Benjamin Majors

In the summer of 1827, 33 year old Benjamin Majors and 24 other men left their homes in Jackson and Lafayette Counties in Missouri, heading for the Rockies in search of silver that James Cockrell had discovered four years before.  Since Cockrell was the reason for this expedition he was elected captain.  Each man was equipped with one horse, a good gun with enough powder and ball for the duration of the trip, a little bedding, and enough food for about a week.  At that time men had no way of carrying enough food to last more than a week or ten days, they depended upon the fat of the land once their stores ran out.

I do not have great details of this trip, and considering the early period the Santa Fe Trail was not as well defined as it would become in later years with heavy traffic, but it appears that these men followed a path very close to the Santa Fe if not altogether on it.  The party reached the Big Bend or Great Bend of the Arkansas River on their southwesterly route and there found plenty of buffalo for meat.  Before long they had reached the Raton Mountains not far from present day Trinidad.

When Cockrell had reached the area where he had been four years prior he had a bit of trouble locating the silver.  After roaming around in the wilderness for several days the rest of the party were getting anxious, doubting if there really was a silver mine.  Finally the men found some rock flecked with metallic looking bits and that was enough to ease their minds and possibly saved Cockrell’s life.  Of course none of the party knew anything about silver; how to extract it, or even what it looked like.  They had imagined they would be able to cut out chunks of the precious metal with their tomahawks and load their saddle bags then hie for home.

After collecting what they thought good ore, they turned back for Missouri.  The journey went tolerably well until they reached a point near present Dodge City, camping on the banks of the Arkansas River.  After eating their supper of buffalo meat the party prepared for bed.  Two men were placed to guard the horses and changed every three hours through the night.  The Indians were known to do mischief and seeing how each man only had one horse it was crucial they kept an eye out.  On this night the Indians managed to sneak up on their bellies until they were between the guards and the horses.  Then they jumped up firing their guns and shaking their buffalo robes with whoops and hollers, running off the horses, which the owners were never to see again.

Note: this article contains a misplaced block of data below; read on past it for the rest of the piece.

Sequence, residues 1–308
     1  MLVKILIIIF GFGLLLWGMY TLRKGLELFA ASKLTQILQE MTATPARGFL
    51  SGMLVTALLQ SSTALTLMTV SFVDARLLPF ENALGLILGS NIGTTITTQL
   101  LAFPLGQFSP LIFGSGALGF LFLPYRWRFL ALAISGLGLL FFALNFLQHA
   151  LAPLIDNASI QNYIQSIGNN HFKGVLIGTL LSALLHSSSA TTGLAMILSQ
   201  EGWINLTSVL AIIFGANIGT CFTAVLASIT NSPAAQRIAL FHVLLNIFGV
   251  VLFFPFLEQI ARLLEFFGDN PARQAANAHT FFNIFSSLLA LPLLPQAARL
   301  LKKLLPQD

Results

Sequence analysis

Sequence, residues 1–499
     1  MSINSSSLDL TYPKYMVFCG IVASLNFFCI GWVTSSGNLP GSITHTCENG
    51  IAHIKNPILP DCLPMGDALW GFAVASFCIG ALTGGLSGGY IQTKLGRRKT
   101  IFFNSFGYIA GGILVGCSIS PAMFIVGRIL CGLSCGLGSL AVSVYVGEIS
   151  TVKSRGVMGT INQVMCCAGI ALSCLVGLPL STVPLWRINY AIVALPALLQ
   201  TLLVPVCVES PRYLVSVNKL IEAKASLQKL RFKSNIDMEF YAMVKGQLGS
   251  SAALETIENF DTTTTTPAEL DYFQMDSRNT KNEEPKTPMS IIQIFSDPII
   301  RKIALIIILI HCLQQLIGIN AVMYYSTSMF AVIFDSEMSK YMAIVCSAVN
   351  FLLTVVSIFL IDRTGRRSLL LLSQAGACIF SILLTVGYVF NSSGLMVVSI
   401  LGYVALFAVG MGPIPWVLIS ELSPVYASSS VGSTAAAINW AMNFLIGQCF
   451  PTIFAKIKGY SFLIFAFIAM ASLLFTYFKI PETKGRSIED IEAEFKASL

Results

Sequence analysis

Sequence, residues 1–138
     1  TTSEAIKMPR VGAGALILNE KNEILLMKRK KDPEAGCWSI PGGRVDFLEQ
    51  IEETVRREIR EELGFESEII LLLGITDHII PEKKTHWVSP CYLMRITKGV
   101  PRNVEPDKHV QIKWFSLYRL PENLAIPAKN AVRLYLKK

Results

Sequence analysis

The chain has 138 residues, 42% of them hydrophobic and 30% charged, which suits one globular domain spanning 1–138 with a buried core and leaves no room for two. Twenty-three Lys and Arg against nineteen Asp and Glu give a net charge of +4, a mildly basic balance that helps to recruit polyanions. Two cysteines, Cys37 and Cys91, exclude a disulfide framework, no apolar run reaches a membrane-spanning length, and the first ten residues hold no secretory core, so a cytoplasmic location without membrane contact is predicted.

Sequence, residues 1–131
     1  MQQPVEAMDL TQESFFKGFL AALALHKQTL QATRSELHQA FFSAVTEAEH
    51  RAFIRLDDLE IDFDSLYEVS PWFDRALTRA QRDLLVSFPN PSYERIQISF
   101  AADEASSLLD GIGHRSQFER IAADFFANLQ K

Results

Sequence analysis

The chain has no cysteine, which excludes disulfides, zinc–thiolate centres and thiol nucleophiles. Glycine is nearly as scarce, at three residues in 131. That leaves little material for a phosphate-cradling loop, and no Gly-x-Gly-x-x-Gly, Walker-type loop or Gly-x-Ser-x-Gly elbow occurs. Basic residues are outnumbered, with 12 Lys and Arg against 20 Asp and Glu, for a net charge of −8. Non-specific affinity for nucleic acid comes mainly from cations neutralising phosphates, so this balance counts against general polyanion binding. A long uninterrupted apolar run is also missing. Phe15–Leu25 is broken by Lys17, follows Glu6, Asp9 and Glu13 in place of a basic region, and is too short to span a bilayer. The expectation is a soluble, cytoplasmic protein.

Some of the Indians began firing on the men once the horses were run off.  The men sprang from their beds on the bank and into the river up to their knees.  Mark Foster did not cease running once he hit the river and managed to make it to the other side.  He fell several times in his course, the bottom being sandy, and each time the Indians whooped all the greater thinking they had hit him.  The Indians eventually gave up their gyrations and went on their way leaving poor Foster on the opposite bank not knowing if the others in his party were murdered or not.  There he spent the night cold, wet and alone.

When the sun arose in the morning, Foster peered through the fog trying to determine if the figures he saw moving were his men or Indians.  He was convinced it was Indians and so went back to the far side of the river.  The others could plainly hear Foster plashing around in the river but they were pretty well disgusted with his performance of the night before and made no effort to communicate with him.   When the fog had lifted and revealed to Foster that his men were all still alive and the Indians gone, he came within 60 yards and called out to Benjamin Majors, asking if they would allow him to come back into camp.  After a brief consultation they said they would.